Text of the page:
Permanent residents of the Dominion and bona fide New-Zealanders visiting the United Kingdom may nominate any person, not a prohibited immigrant within the meaning of the Immigration Restriction Act, 1908 (N.Z.), and its amendments, or of the Undesirable Immigrants Exclusion Act, 1919 (N.Z.), residing in the United Kingdom, for an assisted passage to New Zealand under the following conditions:—
The person nominated must be under the age of fifty years. Although assisted passages cannot be granted to persons who have attained the age of fifty years, the Immigration Department can arrange full-fare passages for any such persons proceeding as members of a family or of a party the remainder of which is travelling at assisted rates. Full fares (subject to alteration by the shipping companies) are as follows: Third-class six-berth, £37; four-berth, £39; two-berth, £43 per adult.
The person nominated must not have resided in the Dominion or in Australia for a period of at least five years immediately preceding nomination.
He must supply to the High Commissioner for New Zealand in London satisfactory medical certificate and certificate of character.
In the case of a married person, nomination must include husband, wife, and family (if any), except where a judicial separation exists or desertion is proved.
The nominator must undertake to make provision for maintenance and employment for the nominee after arrival in the Dominion, and must also guarantee that the nominee will reside in the Dominion for at least five years.
All questions as to suitability of any person nominated for an assisted passage are decided by the High Commissioner for New Zealand in London.
Provided that the above conditions are complied with, an assisted passage will be granted at the following rates, which are subject to revision:—
|Married adults, under 50 years (including widows with children)||£11||£13||£17|
|Single men, 19 and under 50||£11||£13||£17|
|Single women (including widows without children)—|
|19 and under 40||Free||£2||£6|
|40 and under 50||£11||£13||£17|
|Boys and girls, 12 and under 19||Free||£2||£6|
|Children, 3 and under 12||Free||£1||£3|
|Children, under 3, if not more than one||Free||Free||Free|
The full amount of passage-money must be paid before a passage is booked. The money can be paid in New Zealand by the nominator, or in London by the nominee, or partly by both.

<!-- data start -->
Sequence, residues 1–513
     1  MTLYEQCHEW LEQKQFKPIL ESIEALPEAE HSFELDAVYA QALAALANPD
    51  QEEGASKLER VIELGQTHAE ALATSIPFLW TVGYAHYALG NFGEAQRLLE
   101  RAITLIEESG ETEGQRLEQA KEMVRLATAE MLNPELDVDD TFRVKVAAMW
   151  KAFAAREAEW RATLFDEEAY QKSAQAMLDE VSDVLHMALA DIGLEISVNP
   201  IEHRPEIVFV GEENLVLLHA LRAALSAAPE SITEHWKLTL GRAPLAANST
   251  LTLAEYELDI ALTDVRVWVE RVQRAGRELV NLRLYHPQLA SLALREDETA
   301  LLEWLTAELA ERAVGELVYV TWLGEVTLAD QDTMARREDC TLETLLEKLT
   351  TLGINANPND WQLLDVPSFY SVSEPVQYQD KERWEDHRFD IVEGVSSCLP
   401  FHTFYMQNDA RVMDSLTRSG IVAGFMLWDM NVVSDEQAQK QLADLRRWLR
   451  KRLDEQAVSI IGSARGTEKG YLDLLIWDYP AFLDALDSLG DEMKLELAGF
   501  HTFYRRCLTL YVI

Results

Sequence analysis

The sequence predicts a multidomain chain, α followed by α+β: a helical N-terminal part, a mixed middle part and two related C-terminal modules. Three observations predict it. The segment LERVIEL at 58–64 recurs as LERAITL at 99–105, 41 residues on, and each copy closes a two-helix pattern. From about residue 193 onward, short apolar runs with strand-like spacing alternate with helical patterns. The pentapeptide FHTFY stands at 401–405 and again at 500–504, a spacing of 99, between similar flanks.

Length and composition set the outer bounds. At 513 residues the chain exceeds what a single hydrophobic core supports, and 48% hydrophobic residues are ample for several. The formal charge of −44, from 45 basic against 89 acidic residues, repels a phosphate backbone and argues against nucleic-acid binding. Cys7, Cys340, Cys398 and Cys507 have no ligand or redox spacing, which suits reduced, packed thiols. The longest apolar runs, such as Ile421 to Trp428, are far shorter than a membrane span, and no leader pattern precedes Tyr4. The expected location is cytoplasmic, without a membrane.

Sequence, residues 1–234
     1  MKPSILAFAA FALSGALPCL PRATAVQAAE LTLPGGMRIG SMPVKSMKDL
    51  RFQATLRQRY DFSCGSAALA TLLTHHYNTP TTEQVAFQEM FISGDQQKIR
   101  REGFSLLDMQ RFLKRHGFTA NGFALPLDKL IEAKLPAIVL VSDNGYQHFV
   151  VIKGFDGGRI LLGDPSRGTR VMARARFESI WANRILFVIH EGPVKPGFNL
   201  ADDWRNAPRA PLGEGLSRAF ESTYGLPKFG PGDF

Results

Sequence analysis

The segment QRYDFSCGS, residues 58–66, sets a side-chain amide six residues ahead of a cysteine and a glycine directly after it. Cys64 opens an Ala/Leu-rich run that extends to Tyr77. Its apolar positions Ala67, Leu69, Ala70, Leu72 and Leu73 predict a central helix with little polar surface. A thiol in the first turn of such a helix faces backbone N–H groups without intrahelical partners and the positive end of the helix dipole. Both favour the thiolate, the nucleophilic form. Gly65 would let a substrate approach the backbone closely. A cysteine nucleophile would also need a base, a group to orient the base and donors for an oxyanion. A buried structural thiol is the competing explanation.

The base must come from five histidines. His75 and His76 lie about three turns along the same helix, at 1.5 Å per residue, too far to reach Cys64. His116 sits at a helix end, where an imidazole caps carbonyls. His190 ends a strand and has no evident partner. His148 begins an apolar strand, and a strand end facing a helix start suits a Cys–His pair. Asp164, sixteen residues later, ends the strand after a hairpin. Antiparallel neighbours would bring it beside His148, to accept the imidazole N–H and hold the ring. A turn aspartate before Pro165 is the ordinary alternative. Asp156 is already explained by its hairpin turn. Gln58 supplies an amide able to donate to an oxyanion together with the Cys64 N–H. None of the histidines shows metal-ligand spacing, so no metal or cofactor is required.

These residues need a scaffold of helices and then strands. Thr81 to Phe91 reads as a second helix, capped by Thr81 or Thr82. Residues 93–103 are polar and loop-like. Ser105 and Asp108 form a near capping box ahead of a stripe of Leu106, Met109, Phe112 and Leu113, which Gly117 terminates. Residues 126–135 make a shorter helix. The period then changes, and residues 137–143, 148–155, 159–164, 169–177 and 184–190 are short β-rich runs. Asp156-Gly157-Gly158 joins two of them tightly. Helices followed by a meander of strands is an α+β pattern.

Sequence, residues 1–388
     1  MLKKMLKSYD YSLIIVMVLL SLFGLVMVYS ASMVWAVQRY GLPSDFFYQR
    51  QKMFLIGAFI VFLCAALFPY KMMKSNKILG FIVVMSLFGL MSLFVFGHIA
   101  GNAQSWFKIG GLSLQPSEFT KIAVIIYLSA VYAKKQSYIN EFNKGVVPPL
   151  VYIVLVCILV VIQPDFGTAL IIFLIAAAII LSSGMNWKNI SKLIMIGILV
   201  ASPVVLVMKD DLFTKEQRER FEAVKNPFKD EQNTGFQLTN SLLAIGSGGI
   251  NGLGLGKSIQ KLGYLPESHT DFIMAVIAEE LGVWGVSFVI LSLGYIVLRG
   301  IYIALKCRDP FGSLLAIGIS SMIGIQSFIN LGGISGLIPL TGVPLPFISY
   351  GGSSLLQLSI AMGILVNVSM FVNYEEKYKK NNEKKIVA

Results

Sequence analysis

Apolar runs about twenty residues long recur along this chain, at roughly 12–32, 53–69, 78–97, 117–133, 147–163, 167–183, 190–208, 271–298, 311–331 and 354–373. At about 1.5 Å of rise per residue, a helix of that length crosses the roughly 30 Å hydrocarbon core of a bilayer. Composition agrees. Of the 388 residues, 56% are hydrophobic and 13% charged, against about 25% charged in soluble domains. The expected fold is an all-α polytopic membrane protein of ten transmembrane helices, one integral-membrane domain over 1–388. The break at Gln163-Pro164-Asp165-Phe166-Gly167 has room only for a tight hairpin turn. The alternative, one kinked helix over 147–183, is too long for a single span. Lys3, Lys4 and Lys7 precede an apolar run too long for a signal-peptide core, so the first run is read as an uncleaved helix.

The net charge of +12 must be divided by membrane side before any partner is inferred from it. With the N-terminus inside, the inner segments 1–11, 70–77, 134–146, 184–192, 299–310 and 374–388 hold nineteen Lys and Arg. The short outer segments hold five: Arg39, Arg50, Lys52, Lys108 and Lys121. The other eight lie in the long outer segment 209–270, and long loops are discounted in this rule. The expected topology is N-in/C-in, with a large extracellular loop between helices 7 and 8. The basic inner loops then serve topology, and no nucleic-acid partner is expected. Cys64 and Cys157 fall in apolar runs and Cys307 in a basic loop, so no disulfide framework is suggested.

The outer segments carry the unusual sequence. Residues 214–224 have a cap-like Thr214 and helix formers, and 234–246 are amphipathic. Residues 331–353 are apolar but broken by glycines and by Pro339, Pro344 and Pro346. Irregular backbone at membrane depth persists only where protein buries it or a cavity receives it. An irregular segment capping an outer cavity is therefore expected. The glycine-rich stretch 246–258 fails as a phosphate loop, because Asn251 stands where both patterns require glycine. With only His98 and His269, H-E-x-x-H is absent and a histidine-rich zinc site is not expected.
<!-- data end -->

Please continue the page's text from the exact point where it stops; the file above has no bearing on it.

In any case where nominees are unable to pay the cost of six-berth passages the Imperial and New Zealand Governments, acting in concert, will, on the approval of the High Commissioner, advance the necessary amount by way of loan, repayable within a reasonable time after their arrival in the Dominion.
Nomination forms are obtainable at post-offices throughout the Dominion, or at the Department of Immigration, Wellington. Nominations can be cabled at an extra cost of £1. Remittances can be forwarded to nominees at time of nomination without fee.
Passages are granted on vessels belonging to the Shaw-Savill and Albion Company and the New Zealand Shipping Company from London or Southampton, and the Federal Steam Navigation Company from Liverpool. Passages can be booked to the following ports in New Zealand: Auckland, Gisborne, Napier, Wellington, Lyttelton, Timaru, Oamaru, and Port Chalmers. Nominated passages are granted by direct route only.
Passages at reduced rates are not granted to unhealthy persons. When cases of lung, chest, or other like complaints are discovered in any member of a family by the Medical Officer at London, Liverpool, or Southampton, the whole family is prevented from sailing.
In the case of immigrants under twenty-one years of age special arrangements have to be entered into for their protection on the voyage where deemed necessary or advisable.
In addition to the system of nomination, qualified domestic servants under 40 years of age may, on application to the High Commissioner, be granted free passages to New Zealand. To be eligible a person must be a bona fide domestic (general servant, cook, housemaid, parlourmaid, waitress, laundress, or nursemaid) and be in employment as such at time of application, and a written undertaking must be given to follow such calling for at least twelve months after arrival in the Dominion, and that marriage will not be contracted during that period.